Frieze. What a curious title for an art fair in a red hot art market.

Of course the title literally refers to a feature of classical architecture wherein carved figures hover above entryways; still, one cannot but be amused at the shared homophony with its mirror opposite of the supernova market currently underway. But the show's producer is London based frieze magazine, and so, wordplay notwithstanding, Frieze New York is the proud title of the art fair that opened on Randall's Island on Thursday, May 14, 2015 for the fourth year.

The fair is an ever burgeoning four-day event now including more than 190 galleries exhibiting thousands of art works. The center ring is a large tent that has become a competitive architectural commission in itself. Added to this visual overload are half a dozen other programs including: Frieze Projects in site-specific art installations; Frieze Talks in onsite panel discussions by all the usual suspects; Frieze Sounds in commissioned audio works; and Frieze Education, which is basically high school tours.

One can go there overland by car on bridges or by buses from the Guggenheim Museum, but the best way to get to the conjoined islands of Randall's and Wards is by ferry from the 35th Street Ferry Dock. I recommend this mode of  transportation, as a boat ride in brisk spring air to an island always prepares one for a special experience, and Frieze New York 2015 does not disappoint.

This extravaganza is sponsored by Deutsche Bank, and your bank ought to be a stop prior to heading to this fair: a $19 ferry ticket or $25 parking fee, $44 single day entrance fee, $75.50 for a single day plus catalog, or $92 for single day and subscription to frieze magazine. These fees cover access to a mercantile tent where other people who have paid much larger fees to be there hope to sell you things they believe are salable, not necessarily things that are worth buying. For a family of four taking the ferry from 35th St. plus one sales catalog, the visit pencils out at $283.50.

I expect resistance to the cost of a visit to be dissolved by curiosity after last week's stunning auction results in New York City.

“Christie’s Has Art World’s First $1 Billion Week” screams the headline on the cover of New York Times. Indeed their three evening auctions this week set a new milestone in the avalanche of money pouring into the art market, eclipsing the previous record by a wide margin. The week began with a mediocre Picasso painting selling for $179.4M on Monday night, stunning onlookers as the highest price ever bid at auction for anything. The previous record was $142.4M for Francis Bacon’s Three Studies of Lucian Freud in 2013. The next two dramatic evenings put Christie’s over the billion mark and created high expectations on the part of galleries for sales at Frieze.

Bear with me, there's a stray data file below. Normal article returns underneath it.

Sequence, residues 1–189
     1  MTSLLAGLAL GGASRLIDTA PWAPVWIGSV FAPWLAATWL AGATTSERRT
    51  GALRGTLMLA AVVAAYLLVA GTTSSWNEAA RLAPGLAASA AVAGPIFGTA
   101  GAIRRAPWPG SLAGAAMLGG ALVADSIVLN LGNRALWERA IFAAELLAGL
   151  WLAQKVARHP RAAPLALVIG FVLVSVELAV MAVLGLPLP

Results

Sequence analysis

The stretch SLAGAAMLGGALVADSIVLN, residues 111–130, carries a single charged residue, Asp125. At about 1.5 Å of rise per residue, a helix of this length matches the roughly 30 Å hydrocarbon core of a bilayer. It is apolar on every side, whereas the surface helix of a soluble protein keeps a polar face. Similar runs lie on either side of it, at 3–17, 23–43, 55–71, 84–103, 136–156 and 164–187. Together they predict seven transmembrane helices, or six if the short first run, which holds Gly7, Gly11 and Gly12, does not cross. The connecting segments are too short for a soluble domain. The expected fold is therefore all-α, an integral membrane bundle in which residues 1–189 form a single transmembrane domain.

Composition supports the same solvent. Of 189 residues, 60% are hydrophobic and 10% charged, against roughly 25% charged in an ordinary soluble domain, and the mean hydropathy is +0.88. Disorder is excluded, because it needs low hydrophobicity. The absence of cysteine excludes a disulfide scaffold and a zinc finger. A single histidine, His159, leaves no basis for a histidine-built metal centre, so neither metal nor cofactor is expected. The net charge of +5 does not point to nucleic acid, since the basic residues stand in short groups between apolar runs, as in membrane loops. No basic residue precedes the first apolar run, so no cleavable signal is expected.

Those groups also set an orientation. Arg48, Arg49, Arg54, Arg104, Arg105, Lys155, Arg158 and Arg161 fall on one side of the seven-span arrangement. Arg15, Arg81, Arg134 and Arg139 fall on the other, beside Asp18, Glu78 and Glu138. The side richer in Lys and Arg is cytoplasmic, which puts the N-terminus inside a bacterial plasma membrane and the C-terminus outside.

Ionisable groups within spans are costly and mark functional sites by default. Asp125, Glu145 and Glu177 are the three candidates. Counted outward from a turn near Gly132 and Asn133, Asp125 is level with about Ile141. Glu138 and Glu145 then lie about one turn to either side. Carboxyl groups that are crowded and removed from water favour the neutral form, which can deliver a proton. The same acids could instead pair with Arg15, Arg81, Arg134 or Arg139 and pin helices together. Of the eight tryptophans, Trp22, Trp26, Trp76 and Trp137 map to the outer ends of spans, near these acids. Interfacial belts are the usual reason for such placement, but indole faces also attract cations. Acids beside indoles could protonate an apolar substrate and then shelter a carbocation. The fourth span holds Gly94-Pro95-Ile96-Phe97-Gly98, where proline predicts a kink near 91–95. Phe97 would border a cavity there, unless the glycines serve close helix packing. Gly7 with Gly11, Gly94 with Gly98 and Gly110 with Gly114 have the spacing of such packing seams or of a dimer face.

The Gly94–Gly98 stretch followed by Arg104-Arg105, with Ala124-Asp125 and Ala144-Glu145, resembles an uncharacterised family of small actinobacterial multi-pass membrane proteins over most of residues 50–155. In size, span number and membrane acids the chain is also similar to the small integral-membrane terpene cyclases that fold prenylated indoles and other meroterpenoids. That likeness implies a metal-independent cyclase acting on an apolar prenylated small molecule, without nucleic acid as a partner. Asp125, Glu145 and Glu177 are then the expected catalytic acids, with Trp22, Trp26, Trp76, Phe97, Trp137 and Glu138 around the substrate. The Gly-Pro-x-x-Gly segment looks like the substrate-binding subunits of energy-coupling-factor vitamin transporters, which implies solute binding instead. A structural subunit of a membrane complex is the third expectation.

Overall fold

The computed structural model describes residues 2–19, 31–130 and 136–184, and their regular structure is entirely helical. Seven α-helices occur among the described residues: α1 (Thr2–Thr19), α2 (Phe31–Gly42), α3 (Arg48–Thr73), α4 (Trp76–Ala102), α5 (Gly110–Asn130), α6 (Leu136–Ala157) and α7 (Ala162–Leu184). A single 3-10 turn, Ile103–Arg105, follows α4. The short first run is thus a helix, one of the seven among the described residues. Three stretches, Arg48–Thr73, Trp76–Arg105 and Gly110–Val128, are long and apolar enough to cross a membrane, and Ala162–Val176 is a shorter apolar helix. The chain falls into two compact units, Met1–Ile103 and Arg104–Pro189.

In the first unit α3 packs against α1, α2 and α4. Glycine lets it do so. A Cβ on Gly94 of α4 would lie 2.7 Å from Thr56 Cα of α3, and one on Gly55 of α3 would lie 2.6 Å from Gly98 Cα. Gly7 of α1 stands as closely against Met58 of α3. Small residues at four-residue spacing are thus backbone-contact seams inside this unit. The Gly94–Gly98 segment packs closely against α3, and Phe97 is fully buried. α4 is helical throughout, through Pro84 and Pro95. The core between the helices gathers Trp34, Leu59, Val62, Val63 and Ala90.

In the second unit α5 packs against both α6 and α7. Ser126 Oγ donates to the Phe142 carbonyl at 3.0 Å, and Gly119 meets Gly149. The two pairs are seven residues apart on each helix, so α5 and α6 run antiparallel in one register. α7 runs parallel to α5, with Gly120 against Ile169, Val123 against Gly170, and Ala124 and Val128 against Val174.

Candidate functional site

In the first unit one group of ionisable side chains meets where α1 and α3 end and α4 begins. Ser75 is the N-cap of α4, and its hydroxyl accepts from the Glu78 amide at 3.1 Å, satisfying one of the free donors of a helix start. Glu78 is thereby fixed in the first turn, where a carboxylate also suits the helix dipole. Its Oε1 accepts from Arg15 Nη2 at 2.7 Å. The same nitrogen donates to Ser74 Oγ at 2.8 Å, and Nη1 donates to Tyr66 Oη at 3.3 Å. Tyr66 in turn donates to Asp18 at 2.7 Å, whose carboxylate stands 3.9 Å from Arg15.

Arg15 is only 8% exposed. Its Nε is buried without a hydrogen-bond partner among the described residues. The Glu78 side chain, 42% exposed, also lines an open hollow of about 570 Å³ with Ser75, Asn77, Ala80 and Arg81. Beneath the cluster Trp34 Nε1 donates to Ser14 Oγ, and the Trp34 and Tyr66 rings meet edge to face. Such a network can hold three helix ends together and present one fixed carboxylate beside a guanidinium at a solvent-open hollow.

The unstated theme of this year’s Frieze New York is handmade objects. This a predictable backlash to nearly 20 years of shiny, chromium steel pop art castings and the like—I once joked that the primary art material for the past two decades was Windex.

Certainly there is a tipping point when artists need to feel directly involved in the production of their work, and we reached that point. That said, it is as if almost no one knows how to create handmade objects anymore: the tradition of craft has been lost. Instead we are seeing all objects, completely unedited; it has the feel of the guts of an art school spilled into a large tent.  Acres of student-quality art, their sources easy to spot, and the production methods essentially entry level.

On a happier note, Marian Goodman Gallery, which specializes in art from Europe, has an exhibit of Giuseppe Penone’s miracles of wood carving. He takes trees and large wood beams and strips their growth rings to find the sapling underneath, a psychoanalysis of the forest.

Sometime he uses heavy girders from a demolished building and reveals the young tree inside the strapping structure that held up a building for a century. And yet here it is, still there, a long twig with its branches jutting out, reaching for the sun a century earlier, then enclosed in its mass and the paint and masonry detritus of the old buildings. Hooks and nails and bolts stuck through it and then discarded, its young sapling invisible to all but Penone, who exposes it to the light once again.

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"Albero di 8 m, 2000" and "Albero di 10 m, 1989" by Giuseppe Penone. Wood. Exhibited with Marian Goodman Gallery. Photo by Sage Cotignola.

"Albero di 8 m, 2000" and "Albero di 10 m, 1989" by Giuseppe Penone. Wood. Exhibited with Marian Goodman Gallery. Artist and art critic James Croak is in center. Photo by Sage Cotignola.

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Penone’s series is the poetry of art that is all but lost in the mayhem of most market-driven art fairs, although what is distinctive about this fair is the attempt at poetry. Even if it too often falls short here, in recent venues it was beside the point and banality was the goal. Many of these fairs seemed like a tornado tore through the late F.W. Woolworth and a curbside sale is underway of twisted tchotchkes left from the storm.

The respected Middle East art magazine Bidoun has gone around the bend with a booth of art world memorabilia for sale: “insignificant objects touched by the most significant hands of our time.” The creepy stall contains such items for sale as curator Hans-Ulrich Obrist’s expired passport, Pictures-Generation wit Cindy Sherman’s eyeliner, and a gold tooth from conceptualist Lawrence Weiner.

Other oddities for sale include Tony Shafrazi’s prescription medication, a signed rock by land artist Robert Smithson, and Princeton theorist Hal Foster’s breath mints. Most of the items are viewable on auction site Paddle8. There are no words.

There were a few high notes in tune:  Richard Prince has a large installation from Instagram of women he apparently met online. It has a compelling voyeur feel to it, viewing the free-form fantasy of online mating.

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"New Portaits" by Richard Prince. Exhibited with Gagosian Gallery. Photo by Sage Cotignola.

"New Portaits" by Richard Prince. Exhibited with Gagosian Gallery. Photo by Sage Cotignola.

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"New Portaits" by Richard Prince. Exhibited with Gagosian Gallery. Photo by Sage Cotignola.

"New Portaits" by Richard Prince. Exhibited with Gagosian Gallery. Photo by Sage Cotignola.